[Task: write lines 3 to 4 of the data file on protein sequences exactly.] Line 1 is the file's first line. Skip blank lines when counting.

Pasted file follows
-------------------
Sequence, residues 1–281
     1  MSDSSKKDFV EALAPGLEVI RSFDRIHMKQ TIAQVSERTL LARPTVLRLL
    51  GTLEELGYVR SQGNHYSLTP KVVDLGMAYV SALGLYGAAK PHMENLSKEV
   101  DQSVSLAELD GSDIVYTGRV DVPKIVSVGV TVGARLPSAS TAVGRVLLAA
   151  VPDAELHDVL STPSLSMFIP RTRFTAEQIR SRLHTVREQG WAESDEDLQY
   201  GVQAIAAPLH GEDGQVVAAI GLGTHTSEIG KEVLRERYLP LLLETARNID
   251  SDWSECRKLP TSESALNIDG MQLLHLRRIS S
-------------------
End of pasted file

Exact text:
    51  GTLEELGYVR SQGNHYSLTP KVVDLGMAYV SALGLYGAAK PHMENLSKEV
   101  DQSVSLAELD GSDIVYTGRV DVPKIVSVGV TVGARLPSAS TAVGRVLLAA